No One Reading Your Content? Here’s How to Fix That
No One Reading Your Content? Here’s How to Fix That

By on in Branding Strategy

No One Reading Your Content? Here’s How to Fix That

Marketing has come a long way since the early 2000s when the truism “content is king” ruled supreme. These days content marketing is considered essential, maybe even taken for granted. If you are putting effort into content development without seeing results, you’re not alone.

A 2020 study by Content Marketing Institute found that 29% of B2C marketers rated their organization’s overall level of content marketing success as “extremely or very successful” — leaving 71% of marketers seeing less-than-stellar results for their effort.

From social posts to emails, video to webinars, the objective of content marketing is to bring value and relevance to your audience which in turn increases affinity, consideration, and ultimately conversion. But as most marketers know, developing effective content is easier said than done.

If your results are falling flat, check out these tips that can help you reach your goals faster.

 

1. Your Content Marketing Lacks Strategy

The word “strategy” gets thrown around a lot these days, so as a reminder, strategy is defined as “developing a plan of action designed to achieve a goal.” If you’re not establishing goals upfront, you’re also lacking strategy. “Let’s see what happens” doesn’t count.

Determine what your goal is with your content marketing. Make it measurable. Examples of goals can include increasing traffic to your website by 14%, generating six new leads every week, or beating industry benchmarks with each email deployed.

Note that these are goals that can be realistically impacted by content. They aren’t top-line business objectives like increasing total customer spend or raising profitability. Content marketing on its own can’t do that for you. But it can measurably increase the time a prospect spends thinking about or engaging with your brand, which will work in concert with other strategies for a big payoff.

To that end, make your goal clear to readers and easy to achieve. Tell them that you want them to read more, sign up, or contact you.

 

2. The Power of Understanding Your Audience

So now we have defined our goals and can measure whether or not our content marketing strategy is effective. But what actually makes content effective? At its core, good content relies on two things: Demonstrating that you understand your audience’s challenges, and providing some assistance with those challenges.

This is why content marketing strategy and persona development often go hand in hand. Persona development characteristics typically include age, sex, occupation, and household income, but most importantly, what it is they want.

The more you understand your customers’ distinctive needs, the better you can tailor your content. In time, they will come to see you as a trusted source for help when they need it.

 

3. Your Audience Does Not Find Your Content Valuable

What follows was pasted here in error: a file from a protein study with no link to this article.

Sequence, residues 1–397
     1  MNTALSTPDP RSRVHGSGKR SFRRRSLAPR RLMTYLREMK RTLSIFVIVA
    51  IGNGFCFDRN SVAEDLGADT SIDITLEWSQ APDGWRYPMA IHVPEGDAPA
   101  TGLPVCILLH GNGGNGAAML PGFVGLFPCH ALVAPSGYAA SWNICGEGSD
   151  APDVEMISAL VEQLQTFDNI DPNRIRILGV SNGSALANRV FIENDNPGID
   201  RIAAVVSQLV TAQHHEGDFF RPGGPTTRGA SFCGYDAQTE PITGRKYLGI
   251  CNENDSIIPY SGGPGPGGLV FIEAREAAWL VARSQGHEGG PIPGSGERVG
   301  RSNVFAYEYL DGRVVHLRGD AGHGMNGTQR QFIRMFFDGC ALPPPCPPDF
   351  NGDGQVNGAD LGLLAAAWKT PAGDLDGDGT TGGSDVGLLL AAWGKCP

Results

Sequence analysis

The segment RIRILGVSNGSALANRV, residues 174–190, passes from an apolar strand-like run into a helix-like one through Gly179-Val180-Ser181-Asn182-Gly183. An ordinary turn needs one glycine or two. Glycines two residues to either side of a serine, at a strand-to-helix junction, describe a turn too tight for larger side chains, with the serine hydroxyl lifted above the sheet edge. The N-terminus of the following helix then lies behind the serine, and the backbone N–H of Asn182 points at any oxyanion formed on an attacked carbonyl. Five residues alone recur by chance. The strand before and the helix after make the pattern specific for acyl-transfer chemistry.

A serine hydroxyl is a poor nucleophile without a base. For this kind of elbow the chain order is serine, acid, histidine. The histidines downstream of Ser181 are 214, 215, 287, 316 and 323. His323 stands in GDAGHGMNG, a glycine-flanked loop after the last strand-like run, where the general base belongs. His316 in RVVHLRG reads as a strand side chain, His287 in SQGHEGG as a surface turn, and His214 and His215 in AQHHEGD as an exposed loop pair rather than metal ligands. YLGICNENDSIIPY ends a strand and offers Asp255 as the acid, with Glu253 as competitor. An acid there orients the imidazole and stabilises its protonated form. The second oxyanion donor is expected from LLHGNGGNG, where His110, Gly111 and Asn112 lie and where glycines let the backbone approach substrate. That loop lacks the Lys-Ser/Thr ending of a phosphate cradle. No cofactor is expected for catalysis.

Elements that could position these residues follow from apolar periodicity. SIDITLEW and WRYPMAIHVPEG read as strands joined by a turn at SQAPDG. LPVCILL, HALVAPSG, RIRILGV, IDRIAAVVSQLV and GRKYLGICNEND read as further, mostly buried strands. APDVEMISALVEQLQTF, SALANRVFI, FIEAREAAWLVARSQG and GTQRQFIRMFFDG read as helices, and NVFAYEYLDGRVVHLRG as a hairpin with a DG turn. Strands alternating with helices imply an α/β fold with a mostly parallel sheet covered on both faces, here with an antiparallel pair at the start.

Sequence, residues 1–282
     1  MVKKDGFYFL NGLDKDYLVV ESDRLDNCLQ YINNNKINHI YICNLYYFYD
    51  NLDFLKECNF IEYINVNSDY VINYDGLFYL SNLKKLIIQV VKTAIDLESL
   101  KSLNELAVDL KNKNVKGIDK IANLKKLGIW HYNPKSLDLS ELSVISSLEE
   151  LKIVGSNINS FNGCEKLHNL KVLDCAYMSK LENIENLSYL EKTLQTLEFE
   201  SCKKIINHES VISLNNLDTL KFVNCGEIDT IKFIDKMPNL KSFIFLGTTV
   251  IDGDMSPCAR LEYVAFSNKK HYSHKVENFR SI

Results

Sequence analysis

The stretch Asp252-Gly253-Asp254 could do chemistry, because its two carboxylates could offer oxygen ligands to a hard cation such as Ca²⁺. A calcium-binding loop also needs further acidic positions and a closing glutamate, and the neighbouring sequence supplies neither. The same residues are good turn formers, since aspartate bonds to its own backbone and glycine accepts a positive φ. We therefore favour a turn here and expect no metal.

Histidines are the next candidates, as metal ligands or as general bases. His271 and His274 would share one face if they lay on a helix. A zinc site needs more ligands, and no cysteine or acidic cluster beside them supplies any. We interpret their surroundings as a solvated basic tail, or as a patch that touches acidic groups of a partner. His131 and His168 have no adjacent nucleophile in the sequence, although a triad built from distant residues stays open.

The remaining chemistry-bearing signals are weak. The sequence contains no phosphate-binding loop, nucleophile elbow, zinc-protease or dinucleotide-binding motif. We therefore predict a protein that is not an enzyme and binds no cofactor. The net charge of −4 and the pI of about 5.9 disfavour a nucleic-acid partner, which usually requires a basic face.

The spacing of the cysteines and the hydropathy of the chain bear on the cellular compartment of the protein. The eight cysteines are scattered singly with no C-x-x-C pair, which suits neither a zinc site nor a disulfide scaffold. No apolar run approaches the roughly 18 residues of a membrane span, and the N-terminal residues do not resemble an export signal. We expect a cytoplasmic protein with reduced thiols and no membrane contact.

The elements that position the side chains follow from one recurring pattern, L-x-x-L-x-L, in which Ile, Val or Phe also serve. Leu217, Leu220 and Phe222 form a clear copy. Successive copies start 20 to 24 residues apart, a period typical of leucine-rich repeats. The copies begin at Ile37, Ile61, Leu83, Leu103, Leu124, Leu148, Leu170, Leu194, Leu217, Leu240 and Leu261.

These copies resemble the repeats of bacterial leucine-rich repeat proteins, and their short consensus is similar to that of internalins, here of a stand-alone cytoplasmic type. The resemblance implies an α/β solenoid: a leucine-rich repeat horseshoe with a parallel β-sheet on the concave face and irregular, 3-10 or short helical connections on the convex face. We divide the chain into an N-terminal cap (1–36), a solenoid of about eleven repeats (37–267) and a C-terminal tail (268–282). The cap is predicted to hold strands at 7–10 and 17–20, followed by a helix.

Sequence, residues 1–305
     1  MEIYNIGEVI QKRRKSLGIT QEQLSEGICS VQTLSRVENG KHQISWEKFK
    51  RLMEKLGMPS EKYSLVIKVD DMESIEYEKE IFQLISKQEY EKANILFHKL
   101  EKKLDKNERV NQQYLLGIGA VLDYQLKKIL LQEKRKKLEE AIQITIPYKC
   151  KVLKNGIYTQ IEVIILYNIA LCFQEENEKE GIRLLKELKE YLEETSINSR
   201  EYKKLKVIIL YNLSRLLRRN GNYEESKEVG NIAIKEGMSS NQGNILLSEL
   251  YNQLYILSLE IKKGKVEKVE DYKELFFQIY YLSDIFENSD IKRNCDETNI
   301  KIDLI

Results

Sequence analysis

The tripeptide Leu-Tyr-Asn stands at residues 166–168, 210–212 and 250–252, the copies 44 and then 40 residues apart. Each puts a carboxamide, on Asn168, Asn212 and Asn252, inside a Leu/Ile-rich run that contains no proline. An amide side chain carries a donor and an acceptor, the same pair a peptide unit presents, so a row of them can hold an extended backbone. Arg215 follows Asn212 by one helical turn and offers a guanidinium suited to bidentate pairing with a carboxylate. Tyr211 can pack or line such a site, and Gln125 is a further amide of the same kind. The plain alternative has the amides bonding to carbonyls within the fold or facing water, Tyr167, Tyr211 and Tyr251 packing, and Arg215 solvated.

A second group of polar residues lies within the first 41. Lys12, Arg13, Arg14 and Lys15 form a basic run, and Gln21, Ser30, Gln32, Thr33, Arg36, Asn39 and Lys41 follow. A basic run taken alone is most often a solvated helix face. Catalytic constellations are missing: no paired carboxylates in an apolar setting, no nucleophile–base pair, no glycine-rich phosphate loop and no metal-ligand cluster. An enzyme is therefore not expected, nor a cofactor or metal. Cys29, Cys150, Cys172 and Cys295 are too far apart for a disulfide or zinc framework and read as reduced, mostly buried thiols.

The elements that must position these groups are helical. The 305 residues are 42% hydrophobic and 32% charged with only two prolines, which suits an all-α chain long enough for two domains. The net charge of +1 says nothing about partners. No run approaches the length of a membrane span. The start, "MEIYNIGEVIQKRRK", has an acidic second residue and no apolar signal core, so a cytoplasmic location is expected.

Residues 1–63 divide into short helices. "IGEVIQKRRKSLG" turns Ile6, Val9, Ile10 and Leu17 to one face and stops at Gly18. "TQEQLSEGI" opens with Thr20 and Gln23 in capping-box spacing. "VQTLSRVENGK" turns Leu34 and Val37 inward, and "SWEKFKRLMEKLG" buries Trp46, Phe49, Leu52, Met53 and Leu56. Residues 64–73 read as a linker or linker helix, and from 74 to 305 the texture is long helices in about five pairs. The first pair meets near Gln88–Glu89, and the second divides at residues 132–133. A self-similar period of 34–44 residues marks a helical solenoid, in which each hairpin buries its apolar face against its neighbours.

Next time you come up with an idea for a new piece of content, ask yourself — who cares? There are nearly infinite things competing for your customers’ attention each day, so to stand out you need to think first about what your customer wants – then what you want them to know.

In addition to the needs you identified through personas, you can use Google Trends to show keywords your prospects are searching for. This allows you to take insights about your customers and dial in on what’s top of mind right now.

Let’s say you manage an online wine membership club and you’re struggling to generate valuable content. Through persona development, you know your customers are price sensitive. Through Google Trends, you see your demographic is searching words terms like “natural wine” and “organic vs biodynamic.”

With this information, you can hit your audience with a one-two punch: “Curious about natural wine? Try these ten bottles under $20.”

 

4. Finding Your Environmental “Sweet Spot”

Savvy marketers understand where their audience likes to hang out, and how their receptiveness differs across platforms. Whether it’s email or social media, it depends on various factors like the industry of your business and audience.

For example, if you post a link to your blog on Facebook your audience might resist clicking away to read the whole thing on your website. But if you put that article, or even a teaser, into a dedicated email they may be much more inclined to go straight to your CTA or forward that email to a friend.

Other factors to consider include the day of the week you deploy your content (Fun Fact: Tuesdays have the highest email open rates), the time of day, or even the layout of your content. If you are seeing more of your readers using a desktop (a surprising but true trend), you may need to spend extra care on how your blog appears across browser clients or massive iMac displays.

 

Summary

As you continue to learn more about your audience, their needs, pain points, and habits, you can leverage that data to sharpen your content marketing to become more effective. The more you optimize, the better you’ll understand your audience, and the more prospects and customers will engage with your content marketing.

While no two businesses are exactly alike, these fundamental principles can help generate more effective marketing altogether.